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WordPress Tips & Tricks for Developers

WordPress Tips & Tricks for Developers Tutorials

My day job at FHOKE is writing HTML, CSS, JS and PHP for WordPress themes. Sometimes we do Shopify stores, but 90% of our work is centered around WordPress.

Over the last 3 years I’ve learned a lot about how to maximise a WordPress theme, so my main goal has been to streamline the creation of new themes.

In that time I’ve developed an in-house solution we use for all our themes, we call it Slate. As a result from years of tweaking it’s now our default basic WordPress starter theme. It has all the bits we need from project to project, which is especially helpful when we’re building 3 – 4 new themes a month.

Below I’ve collected a load of snippets you can use to hopefully improve your own themes.


1.) Remove Extra <br> and <p> Tags in Shortcodes

When you start making your own shortcodes, you’ll discover what a pain it can be. Mostly due to the the_content filter adding extra paragraphs and line breaks inside your shortcode which can mess up the formatting of your custom HTML, therefore you’ll need the following to fix that:

function fix_shortcodes($content) {
	$array = array (
		'<p>['    => '[',
		']</p>'   => ']',
		']<br />' => ']'
	);

	$content = strtr($content, $array);

	return $content;
}

add_filter('the_content', 'fix_shortcodes');

2.) Change The Excerpt Length and Text

It’s usually one of the first things you’ll do when developing a WordPress theme. Changing the default excerpt length and suffix text really helps give it that extra bit of customisation and fit better with the design you’re working to.

//---- Change excerpt length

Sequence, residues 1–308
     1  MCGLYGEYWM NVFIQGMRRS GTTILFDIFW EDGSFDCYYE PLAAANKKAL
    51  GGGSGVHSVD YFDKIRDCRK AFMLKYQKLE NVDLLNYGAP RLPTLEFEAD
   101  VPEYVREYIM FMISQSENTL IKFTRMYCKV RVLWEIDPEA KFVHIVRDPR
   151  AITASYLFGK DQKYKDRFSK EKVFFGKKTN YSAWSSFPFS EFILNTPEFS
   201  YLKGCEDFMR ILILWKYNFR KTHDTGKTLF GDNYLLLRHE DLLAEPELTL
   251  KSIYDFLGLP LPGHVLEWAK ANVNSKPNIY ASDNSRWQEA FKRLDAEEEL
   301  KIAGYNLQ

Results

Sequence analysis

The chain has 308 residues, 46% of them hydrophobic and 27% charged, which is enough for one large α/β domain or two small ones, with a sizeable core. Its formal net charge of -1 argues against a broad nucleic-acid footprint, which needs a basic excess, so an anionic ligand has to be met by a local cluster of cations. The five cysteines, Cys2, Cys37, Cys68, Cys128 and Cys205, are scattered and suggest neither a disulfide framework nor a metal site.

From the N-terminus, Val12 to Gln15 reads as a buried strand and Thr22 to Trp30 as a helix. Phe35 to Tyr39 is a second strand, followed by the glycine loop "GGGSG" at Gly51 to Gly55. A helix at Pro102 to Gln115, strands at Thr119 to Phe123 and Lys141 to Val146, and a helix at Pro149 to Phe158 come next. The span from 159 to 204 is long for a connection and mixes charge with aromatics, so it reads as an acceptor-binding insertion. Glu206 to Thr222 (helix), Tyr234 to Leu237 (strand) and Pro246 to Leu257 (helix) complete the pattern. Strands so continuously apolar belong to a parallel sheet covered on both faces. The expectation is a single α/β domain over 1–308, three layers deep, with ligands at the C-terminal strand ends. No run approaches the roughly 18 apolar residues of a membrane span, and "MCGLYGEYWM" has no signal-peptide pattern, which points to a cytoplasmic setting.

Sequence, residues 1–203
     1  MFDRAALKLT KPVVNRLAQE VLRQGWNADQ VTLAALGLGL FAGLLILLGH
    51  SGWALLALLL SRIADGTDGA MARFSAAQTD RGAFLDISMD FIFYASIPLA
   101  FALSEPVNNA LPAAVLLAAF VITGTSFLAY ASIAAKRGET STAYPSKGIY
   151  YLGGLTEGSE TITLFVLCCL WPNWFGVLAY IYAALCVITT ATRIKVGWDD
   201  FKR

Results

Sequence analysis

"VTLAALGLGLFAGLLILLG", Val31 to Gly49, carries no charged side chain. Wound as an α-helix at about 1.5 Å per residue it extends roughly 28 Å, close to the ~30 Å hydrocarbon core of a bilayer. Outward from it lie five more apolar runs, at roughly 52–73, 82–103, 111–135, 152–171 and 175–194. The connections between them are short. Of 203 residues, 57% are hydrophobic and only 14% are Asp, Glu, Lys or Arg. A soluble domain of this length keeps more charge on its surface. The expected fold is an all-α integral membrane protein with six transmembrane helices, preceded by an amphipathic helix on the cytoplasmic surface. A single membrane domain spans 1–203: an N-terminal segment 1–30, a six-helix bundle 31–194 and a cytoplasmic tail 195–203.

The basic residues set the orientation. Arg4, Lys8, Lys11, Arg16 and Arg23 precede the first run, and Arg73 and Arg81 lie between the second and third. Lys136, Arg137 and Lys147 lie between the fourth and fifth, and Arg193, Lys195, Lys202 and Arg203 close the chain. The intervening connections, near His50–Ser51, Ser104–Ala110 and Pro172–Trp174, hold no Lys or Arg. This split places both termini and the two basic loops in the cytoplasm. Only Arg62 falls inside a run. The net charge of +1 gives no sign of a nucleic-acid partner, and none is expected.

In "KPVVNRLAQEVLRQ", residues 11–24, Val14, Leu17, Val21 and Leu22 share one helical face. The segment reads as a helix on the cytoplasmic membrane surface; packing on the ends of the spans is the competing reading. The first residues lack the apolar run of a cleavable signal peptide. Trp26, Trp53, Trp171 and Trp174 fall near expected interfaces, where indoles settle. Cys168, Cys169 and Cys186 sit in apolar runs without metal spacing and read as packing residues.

function excerpt_length($length) {
	return 40;
}

add_filter('excerpt_length', 'excerpt_length');

//---- Add "..." at the end of excerpt
function excerpt_more($more) {
	return '&hellip;';
}

add_filter('excerpt_more', 'excerpt_more');

3.) Remove Wrapping Paragraph Tags on Images

There are times you’ll want extra control over the styling of your posts because by default the WordPress TinyMCE editor wraps all images in paragraph tags. So, Here’s how to remove them:

function remove_p_tags($content) {
	return preg_replace('/<p>\s*(<a .*>)?\s*(<img .* \/>)\s*(<\/a>)?\s*<\/p>/iU', '\1\2\3', $content);
}

add_filter('the_content', 'remove_p_tags');

4.) Allow SVG Upload

WordPress doesn’t allow SVGs to be uploaded into the media library by default, therefore you may have an issue if you’ve moved on from 2x PNG icons. However with the following piece of PHP you can get the media library accepting them in no time.

function mime_types($mimes) {
	$mimes['svg'] = 'image/svg+xml';

	return $mimes;
}

add_filter('upload_mimes', 'mime_types');

5.) Add Custom Post Types to The Dashboard

On the dashboard of every WordPress site there’s a widget called “At a Glance”. It shows you how many posts are listed under each of the default post types (Posts and Pages)…but would probably be better if you could add your own, right? You can also add your own CPTs to that widget like so: